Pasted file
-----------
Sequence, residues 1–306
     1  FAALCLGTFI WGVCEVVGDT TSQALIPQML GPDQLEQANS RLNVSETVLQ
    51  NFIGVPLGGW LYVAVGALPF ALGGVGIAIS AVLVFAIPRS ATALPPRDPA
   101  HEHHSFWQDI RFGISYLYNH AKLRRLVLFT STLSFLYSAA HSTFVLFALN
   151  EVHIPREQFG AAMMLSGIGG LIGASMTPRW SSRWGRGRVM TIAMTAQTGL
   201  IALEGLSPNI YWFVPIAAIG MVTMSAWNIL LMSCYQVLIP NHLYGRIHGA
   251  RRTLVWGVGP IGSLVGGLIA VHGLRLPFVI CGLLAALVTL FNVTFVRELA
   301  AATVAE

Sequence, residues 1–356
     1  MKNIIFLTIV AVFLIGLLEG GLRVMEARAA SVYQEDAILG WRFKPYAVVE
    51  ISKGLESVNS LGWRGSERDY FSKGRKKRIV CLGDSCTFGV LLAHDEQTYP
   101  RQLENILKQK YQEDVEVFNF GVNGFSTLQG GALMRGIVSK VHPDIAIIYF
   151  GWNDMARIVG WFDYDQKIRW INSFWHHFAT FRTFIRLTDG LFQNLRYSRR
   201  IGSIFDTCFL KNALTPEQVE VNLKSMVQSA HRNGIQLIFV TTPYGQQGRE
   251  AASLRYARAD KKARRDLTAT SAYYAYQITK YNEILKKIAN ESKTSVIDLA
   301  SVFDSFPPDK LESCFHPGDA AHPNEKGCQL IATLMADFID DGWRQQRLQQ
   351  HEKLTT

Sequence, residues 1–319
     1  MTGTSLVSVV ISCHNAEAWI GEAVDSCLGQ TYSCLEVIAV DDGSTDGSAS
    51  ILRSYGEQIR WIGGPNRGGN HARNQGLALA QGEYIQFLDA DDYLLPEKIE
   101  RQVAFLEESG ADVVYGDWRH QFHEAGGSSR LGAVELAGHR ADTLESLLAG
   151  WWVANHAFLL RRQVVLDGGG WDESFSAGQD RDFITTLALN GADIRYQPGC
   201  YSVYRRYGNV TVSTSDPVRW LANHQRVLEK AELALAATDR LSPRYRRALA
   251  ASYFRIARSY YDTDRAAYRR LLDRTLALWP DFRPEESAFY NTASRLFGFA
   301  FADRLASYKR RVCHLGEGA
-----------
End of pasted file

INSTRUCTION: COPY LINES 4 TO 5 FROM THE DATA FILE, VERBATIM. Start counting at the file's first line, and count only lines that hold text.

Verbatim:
   101  HEHHSFWQDI RFGISYLYNH AKLRRLVLFT STLSFLYSAA HSTFVLFALN
   151  EVHIPREQFG AAMMLSGIGG LIGASMTPRW SSRWGRGRVM TIAMTAQTGL